Former Joint Producers Sue Each Other

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Oct 19, 2010 7:49 am

 

Former Joint Producers Sue Each Otherhttp://www.brokeandbroker.com/index.php?a=blog&id=591

In a FINRA Arbitration Statement of Claim filed in May 2009, Claimant Robert Brink alleged that he and Respondent Jessica Cutrera had agreed to jointly develop clients.  In furtherance of that joint production, Brink and Cutrera had agreed to split the resulting commissions from mutual funds, variable annuities, and recurring fees derived from Registered Investment Advisory service to their clients.

Sadly, it does not appear that this partnership progressed smoothly.

Claimant Brink alleged, in part, causes of action against

Respondent Cutrera for breaches of fiduciary duty and contract, and fraud; and Respondent BFT Financial Group LLC. for aiding and abetting;  interference with contractual relations; breach of fiduciary duty; and failure to supervise. 

Brink sought $1 million in compensatory damages plus interest, attorneys’ fee, and costs.   In the Matter of the Arbitration Between  Robert F. Brink, Claimant, versus BFT Financial Group, LLC and Jessica Carolyn Cutrera, Respondents. (FINRA Arbitration  09-02486, October 11, 2010).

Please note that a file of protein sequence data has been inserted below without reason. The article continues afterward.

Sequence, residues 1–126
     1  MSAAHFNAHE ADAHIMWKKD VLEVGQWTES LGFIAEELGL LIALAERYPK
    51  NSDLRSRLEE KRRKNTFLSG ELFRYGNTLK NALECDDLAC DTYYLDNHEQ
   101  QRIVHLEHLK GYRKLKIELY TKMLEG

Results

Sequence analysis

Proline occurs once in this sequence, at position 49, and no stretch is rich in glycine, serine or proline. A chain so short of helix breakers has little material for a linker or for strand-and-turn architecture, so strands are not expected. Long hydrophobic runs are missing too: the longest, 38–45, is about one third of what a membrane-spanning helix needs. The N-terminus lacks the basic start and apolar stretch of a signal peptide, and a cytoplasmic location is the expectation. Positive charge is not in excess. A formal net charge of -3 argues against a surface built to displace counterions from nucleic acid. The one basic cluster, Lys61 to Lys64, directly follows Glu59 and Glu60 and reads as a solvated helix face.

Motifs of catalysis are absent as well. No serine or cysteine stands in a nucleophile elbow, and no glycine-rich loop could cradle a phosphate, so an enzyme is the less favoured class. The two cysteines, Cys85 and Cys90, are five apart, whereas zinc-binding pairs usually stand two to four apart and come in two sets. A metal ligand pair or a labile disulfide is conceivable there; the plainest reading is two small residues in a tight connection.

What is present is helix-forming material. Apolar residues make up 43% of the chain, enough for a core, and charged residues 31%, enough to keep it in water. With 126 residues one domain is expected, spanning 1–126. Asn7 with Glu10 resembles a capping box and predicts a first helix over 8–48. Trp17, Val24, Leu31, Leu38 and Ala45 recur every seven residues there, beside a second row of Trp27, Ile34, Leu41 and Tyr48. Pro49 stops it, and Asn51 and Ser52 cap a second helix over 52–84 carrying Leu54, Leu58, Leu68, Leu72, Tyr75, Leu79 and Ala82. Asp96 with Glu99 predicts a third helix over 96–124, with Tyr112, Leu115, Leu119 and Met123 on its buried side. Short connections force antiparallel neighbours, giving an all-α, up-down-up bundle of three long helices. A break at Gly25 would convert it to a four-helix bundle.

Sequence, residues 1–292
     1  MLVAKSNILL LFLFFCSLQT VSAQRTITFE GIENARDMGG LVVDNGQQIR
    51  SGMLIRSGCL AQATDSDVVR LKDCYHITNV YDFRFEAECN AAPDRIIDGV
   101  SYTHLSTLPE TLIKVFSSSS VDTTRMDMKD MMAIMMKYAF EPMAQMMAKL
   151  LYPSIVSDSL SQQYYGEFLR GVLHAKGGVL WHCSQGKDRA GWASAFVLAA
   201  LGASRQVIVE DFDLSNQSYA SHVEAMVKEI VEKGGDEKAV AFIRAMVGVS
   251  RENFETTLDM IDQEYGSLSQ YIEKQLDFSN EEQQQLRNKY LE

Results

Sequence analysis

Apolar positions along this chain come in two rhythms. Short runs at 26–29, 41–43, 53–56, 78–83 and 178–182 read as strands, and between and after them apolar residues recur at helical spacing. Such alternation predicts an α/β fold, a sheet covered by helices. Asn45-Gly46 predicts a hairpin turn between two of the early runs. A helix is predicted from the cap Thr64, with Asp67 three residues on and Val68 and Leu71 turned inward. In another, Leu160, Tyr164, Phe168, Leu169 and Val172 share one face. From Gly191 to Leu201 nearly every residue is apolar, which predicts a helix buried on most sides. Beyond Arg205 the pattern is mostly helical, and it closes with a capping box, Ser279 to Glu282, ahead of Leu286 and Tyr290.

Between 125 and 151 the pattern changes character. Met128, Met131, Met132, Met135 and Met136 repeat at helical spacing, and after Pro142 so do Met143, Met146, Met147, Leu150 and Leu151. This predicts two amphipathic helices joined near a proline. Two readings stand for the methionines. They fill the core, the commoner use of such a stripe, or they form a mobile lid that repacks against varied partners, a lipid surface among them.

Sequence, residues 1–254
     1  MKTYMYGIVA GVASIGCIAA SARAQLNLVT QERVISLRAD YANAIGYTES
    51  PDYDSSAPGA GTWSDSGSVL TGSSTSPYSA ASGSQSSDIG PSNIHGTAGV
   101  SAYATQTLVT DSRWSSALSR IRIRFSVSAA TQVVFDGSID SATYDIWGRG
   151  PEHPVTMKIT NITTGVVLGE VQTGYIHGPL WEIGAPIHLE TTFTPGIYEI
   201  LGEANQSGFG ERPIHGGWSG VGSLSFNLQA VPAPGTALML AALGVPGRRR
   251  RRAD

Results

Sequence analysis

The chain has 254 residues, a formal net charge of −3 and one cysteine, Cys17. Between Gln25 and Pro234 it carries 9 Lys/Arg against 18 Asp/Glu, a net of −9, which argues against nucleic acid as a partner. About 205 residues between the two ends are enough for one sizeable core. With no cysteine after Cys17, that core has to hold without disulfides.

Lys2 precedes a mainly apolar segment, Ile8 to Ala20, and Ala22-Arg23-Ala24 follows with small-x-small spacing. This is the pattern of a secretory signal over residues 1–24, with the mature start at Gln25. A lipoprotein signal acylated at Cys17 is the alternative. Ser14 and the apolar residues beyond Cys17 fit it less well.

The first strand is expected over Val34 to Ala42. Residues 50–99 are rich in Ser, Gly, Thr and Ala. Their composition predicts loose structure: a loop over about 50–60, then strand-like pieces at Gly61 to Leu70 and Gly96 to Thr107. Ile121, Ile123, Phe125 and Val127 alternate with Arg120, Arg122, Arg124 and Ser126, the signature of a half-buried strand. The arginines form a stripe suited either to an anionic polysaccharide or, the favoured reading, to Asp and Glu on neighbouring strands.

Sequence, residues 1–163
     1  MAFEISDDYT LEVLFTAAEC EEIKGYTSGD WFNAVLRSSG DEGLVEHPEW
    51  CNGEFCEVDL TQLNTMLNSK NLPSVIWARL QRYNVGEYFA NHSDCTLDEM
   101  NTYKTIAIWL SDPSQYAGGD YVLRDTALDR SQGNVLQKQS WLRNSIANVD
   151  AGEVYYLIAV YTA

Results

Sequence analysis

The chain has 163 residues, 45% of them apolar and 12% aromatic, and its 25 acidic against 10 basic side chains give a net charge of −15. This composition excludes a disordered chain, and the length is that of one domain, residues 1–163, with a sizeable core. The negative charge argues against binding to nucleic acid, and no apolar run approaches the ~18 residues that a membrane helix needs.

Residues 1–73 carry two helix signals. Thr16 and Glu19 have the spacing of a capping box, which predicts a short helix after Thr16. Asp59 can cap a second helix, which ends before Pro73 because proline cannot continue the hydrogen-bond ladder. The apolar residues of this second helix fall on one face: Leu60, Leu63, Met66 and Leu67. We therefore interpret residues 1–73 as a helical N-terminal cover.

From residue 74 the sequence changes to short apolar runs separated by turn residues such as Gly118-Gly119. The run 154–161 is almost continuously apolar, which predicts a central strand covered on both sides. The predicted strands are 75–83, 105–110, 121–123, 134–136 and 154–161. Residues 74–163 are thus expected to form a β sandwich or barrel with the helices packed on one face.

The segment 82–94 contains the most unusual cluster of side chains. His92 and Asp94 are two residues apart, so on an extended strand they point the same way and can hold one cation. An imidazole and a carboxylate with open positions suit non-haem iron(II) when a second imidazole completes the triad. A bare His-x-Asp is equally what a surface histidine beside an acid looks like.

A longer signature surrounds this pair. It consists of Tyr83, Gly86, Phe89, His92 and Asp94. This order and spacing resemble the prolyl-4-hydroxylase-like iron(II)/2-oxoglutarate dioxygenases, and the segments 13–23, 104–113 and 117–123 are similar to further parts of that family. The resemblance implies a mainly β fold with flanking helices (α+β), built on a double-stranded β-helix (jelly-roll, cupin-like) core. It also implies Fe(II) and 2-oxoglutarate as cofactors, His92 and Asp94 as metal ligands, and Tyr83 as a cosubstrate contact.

Respondents Cutrera and BFT generally denied the allegations and asserted various affirmative defenses. Cutrera went a step further and filed her own Counterclaim against Brink -- ultimately seeking damages of $31, 301.12 plus interest, costs, and fees.

READ THE OUTCOME OF THIS CASE AT:

www.brokeandbroker.com/index.php?a=blog&id=591

Oct 19, 2010 11:27 am

Financial advisors have a very bad habit of not formally entering a business agreement when creating partnerships. I've been guilty of this twice before. I learned from that, and ever since, have put everything in writing and utilized an attorney.

Even a wirehouse rep early in his career, should at the very least have something typed up, and then witnessed. That should cover old clients, new clients, sickness/death, termination, resignation, moving to other firms, production requirements, and some sort of amicable separation agreement.

50% of partnerships come to an end, so you have the math working very much in favor of needing something formal. The firm, if there is a corporate employer, isn't going to make you do this, because without an agreement, they can play along with whatever is in THEIR best interests.